The High Court noted that this type of statutory fraud is somewhat removed from fraud at common law and the degree of moral turpitude or recklessness generally required for its establishment. This type of fraud is closer to equitable fraud which does not require that an actual intention to cheat must always be proved.
In Dunlop Rubber it was found that it was not necessary to find deliberate intention to steal the property of the owner of the registered design. A person may believe that they have altered the design perfectly honestly so as to make two different designs, but the design is still held to be a fraudulent imitation.
The trial judge Besanko J held, among other things, that the KA1 and KA2 designer had reason to be aware of the Polyaire Grille and to suspect that it was based on a registered design.3 He compared the products and determined that the KA1 and KA2 Grilles were a fraudulent imitation of the Polyaire Grille.
The defendant successfully appealed to the Full Federal Court, who found that the trial judge had erred in not considering whether the changes to the Polyaire Design were a dishonest disguise and consequently infringement had not been established.4 The full court found that a fraudulent imitation was a copy with differences which are both apparent and not so slight as to be insubstantial, but which have been made merely to disguise the copying.
The High Court’s decision
The High Court found that the full court decision was based on an extract of the High Court’s previous decision in Malleys v Tomlin5 which did not reflect the whole of the reasons in the case. Consequently, the full court erred by limiting the meaning of fraudulent imitation to instances of dishonest disguise.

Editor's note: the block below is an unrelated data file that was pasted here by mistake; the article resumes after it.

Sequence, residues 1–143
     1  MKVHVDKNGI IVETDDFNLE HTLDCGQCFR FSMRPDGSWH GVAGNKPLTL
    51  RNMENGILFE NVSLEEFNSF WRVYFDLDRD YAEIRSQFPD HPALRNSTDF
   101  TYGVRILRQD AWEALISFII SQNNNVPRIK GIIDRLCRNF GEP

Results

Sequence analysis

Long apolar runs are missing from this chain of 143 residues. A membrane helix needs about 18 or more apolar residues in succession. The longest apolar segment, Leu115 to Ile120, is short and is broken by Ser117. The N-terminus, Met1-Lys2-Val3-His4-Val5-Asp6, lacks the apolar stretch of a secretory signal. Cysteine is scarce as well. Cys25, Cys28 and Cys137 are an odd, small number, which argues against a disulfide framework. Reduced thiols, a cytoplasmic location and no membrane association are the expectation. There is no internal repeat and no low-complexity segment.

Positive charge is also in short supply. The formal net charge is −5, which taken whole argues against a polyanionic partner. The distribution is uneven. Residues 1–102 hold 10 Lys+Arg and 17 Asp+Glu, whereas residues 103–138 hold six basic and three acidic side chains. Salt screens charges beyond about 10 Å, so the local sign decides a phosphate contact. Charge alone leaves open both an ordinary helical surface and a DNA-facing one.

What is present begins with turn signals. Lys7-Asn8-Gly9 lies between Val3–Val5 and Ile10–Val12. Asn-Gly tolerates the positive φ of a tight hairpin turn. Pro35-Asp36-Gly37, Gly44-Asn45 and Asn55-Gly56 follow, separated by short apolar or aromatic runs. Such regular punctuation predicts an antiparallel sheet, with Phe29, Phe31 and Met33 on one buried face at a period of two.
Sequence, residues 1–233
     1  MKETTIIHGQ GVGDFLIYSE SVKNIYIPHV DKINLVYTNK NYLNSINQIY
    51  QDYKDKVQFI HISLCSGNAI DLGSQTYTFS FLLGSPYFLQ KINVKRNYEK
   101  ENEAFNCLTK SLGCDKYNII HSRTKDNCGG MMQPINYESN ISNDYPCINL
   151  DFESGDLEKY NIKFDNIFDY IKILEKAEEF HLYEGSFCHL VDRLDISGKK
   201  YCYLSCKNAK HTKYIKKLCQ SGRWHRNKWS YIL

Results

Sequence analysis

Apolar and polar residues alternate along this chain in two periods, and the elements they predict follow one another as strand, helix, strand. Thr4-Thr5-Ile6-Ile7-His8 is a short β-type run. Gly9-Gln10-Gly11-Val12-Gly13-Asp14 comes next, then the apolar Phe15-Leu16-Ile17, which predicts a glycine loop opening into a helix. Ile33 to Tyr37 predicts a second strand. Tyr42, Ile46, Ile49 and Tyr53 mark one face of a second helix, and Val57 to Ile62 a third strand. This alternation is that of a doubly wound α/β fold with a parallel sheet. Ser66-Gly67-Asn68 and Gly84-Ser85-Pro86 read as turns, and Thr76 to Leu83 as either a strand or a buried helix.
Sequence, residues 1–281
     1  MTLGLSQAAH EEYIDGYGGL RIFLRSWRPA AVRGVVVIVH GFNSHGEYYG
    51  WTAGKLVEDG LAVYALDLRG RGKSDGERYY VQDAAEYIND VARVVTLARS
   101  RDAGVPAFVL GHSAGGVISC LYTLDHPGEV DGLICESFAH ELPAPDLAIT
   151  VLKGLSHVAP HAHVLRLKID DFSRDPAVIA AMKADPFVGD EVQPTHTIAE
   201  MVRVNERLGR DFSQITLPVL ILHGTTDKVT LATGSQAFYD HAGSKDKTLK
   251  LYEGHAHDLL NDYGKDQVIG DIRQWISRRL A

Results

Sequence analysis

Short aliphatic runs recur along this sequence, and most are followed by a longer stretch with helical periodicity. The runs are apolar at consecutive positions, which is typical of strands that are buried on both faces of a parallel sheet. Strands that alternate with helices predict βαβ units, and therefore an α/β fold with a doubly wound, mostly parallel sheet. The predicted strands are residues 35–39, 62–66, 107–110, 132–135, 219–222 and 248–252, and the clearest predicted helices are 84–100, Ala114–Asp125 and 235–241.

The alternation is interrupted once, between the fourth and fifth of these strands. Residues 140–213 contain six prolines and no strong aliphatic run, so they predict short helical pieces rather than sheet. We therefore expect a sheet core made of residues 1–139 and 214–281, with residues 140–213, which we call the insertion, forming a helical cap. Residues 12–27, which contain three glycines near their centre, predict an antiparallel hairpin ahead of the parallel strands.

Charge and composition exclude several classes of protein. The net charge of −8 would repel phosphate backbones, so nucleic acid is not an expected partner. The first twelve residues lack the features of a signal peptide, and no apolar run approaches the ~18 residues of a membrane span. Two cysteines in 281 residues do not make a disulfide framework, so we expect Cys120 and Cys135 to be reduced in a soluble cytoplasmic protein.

The High Court approved the approach taken in Philips v Remington6 (Lehane J) to fraudulent imitation, which found that although changes often result from a conscious desire to come as close as possible to the registered design while avoiding infringement, particular changes may be introduced for other compelling reasons and there is no obvious reason why that should defeat an infringement claim. The court upheld the trial judge’s decision that the similar features between the designs created, the shape and the configuration which gave the Polyaire Grille its distinctive appearance.
If you think that your registered design has been imitated by a party who is likely to have knowledge of this registration, it is not necessary to show that changes to the design are merely to disguise the copying.
Conversely, even if you believe that you have altered another person’s design perfectly honestly so as to make two different designs, if you have based your design on a design registered under the Designs Act 1906 and the design is found to be an imitation or a copy, your ‘honest alterations’ will not protect you in an infringement action.
1. Section 156 Designs Act 2003.
2. (1931) 48 RPC 268.
4. K-Aire Pty Ltd v Polyaire Pty Ltd(2003) 60 IPR 512.
5. (1961) 180 CLR 120.
6. (1999) 91 FCR 167. Freehills acted for Remington in this case.
The content of this article is intended to provide a general guide to the subject matter. Specialist advice should be sought about your specific circumstances.